Posted on February 17, 2020
Solutions For Youth Fund | Supporting Homeless Youth
I’m a counselor at the high school and every day I hear
multiple heartbreaking stories from so many students.
Hundreds of kids are living with people other
than their parents because their parents are drug
addicts, in jail, alcoholics, dead, or unfit. Students
come to school wearing the same old clothes every
day, the same old shoes every day regardless of all the
sadness and trauma that haunts them.
One question gives so many answers, “Who do you live
My older sister
My older brother
My mom’s ex-boyfriend
My mom’s ex-husband
In my car
With any of these answers we can assume a large
amount of trauma. So much trauma that these students
can’t concentrate most of the day, can’t trust, can’t
learn…struggle. They share their problems with me.
They cry. They ache. They rage. They attempt
suicide. They cut. They mourn for absent parents.
I listen. I offer some coping strategies, a referral to
mental health, a hug, a snack, but often I am unable to
do more than listen and maybe make a schedule change.
Adverse childhood experiences – ACEs fill my day and
my mind. Post traumatic stress disorder – PTSD makes
kids sensitive, distracted and full of toxic stress. The
daily interaction with trauma gives me and my
coworkers secondary trauma.
Some days we leave work with very heavy hearts because there is not much
we can do to make significant change. But then…
But then came the Solutions for Youth Fund. Being able
to order a student a new pair of shoes and socks
so he/she is not bullied anymore over his/her smelly
shoes is powerful. Being able to order new clothes,
school supplies, a jacket and give them to students
who have very little happiness in their lives is healing.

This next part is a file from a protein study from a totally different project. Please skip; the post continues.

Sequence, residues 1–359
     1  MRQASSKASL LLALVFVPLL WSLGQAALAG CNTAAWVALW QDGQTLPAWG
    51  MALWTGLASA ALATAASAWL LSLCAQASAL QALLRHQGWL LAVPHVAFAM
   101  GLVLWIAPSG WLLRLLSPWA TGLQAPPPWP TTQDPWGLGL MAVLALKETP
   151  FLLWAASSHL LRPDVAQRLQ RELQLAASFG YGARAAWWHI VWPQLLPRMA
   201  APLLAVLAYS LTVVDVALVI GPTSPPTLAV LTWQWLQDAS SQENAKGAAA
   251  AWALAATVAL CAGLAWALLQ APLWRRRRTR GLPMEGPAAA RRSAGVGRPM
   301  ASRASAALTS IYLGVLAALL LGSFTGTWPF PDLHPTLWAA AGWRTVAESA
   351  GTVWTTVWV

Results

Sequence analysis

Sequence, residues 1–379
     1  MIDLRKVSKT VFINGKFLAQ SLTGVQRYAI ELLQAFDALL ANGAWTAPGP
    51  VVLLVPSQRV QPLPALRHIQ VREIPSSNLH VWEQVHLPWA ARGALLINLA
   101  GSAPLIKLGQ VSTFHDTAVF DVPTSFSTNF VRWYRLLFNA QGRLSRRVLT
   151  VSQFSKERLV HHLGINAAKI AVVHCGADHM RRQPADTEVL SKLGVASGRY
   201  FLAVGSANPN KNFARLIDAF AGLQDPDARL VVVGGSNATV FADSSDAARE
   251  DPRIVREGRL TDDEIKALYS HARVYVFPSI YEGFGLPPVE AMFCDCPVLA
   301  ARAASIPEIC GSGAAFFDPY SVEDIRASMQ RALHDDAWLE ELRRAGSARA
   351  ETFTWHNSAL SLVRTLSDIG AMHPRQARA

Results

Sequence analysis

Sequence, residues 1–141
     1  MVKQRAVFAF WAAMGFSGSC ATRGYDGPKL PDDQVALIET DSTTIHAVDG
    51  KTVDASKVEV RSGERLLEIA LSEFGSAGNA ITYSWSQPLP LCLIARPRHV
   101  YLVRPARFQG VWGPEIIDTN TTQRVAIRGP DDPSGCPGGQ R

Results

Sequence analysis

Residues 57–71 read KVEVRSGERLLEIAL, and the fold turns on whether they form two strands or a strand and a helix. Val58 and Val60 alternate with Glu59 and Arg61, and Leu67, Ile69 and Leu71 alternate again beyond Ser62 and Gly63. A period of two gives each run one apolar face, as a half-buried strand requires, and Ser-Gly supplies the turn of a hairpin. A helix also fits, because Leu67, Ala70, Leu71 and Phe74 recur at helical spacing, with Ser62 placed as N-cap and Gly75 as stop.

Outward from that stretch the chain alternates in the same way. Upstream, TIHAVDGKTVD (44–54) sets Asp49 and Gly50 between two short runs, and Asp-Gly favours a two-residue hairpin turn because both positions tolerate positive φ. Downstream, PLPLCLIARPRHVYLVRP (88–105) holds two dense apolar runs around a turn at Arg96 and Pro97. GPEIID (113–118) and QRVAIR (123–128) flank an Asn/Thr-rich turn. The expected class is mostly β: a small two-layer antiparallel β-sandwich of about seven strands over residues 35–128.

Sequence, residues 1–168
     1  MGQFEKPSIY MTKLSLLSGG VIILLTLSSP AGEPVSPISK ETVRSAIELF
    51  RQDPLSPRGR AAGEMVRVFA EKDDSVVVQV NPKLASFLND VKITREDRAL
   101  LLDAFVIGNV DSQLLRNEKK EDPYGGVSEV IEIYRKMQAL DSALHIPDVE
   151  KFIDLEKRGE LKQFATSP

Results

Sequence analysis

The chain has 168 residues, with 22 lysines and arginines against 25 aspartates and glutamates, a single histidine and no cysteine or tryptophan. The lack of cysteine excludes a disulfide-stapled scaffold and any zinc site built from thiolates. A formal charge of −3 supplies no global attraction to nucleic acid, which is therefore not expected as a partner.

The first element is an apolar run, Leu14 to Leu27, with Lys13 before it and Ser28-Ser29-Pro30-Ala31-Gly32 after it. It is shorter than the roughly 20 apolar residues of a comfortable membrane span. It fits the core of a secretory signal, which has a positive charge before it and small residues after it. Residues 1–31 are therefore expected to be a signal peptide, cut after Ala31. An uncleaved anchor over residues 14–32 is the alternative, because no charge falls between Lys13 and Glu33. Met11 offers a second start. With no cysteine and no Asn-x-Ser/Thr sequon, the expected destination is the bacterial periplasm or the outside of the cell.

In the lives of kids who think no one cares about them,
they feel cared about. They feel heard and shocked.
Shocked that anyone would give them something new.
These students feel undeserving, unworthy, unloved. I
know a pair of shoes doesn’t make a person happy, but
it does make them smile. They smile for a moment in
a life of years with no smiles. They walk proud in their
new clean clothes.
For those of us who grew up privileged with
birthdays, holidays, constant sources of love and support,
regular meals, trips, cars that run, safe homes, etc, we
find it hard to believe that a child could live 15
years and never have owned a new book or been
to a restaurant for dinner. It’s hard to believe that a
child could live an entire childhood with no bed, no new
clothes ever, limited food, and constant chaos in their
living space. But every day in my line of work, I talk to
kid after kid who lives that reality. They have been
abandoned by their parents and most of the time the
people who take them in are living in poverty themselves.
Every time I can give a student something he/she needs
with the help of the Solutions for Youth Fund, I know
that I’ve made a difference in a child’s life.
One reason is that I took the time to listen and find out. I earned
the child’s trust to have the difficult conversation about
needing things and I had an amazing support program
at Children First.
In one day these are some of the backgrounds of kids
myself and other counselors work with:
A student living with a single parent who is disabled
A student living with neighbors since their parent died
A student living with a single parent because the other
is in jail
A student living with a stepparent needing hygiene
A student living with a grandparent in poverty facing
A student living with a friend because their parents are
in prison or on the streets
A student living with a parent, both victims of domestic
abuse and struggling to survive.
There are so many young people suffering and living
without the basics. Providing them with small relief
helps them get by another day. Kids gasp in delight
when they see a new book or new shoes. It makes the
days of trauma filled stories a tiny bit less heavy
and takes the edge off of some of the toxic stress
so many kids are living with. Helping them helps our
community and everyone who interacts with them.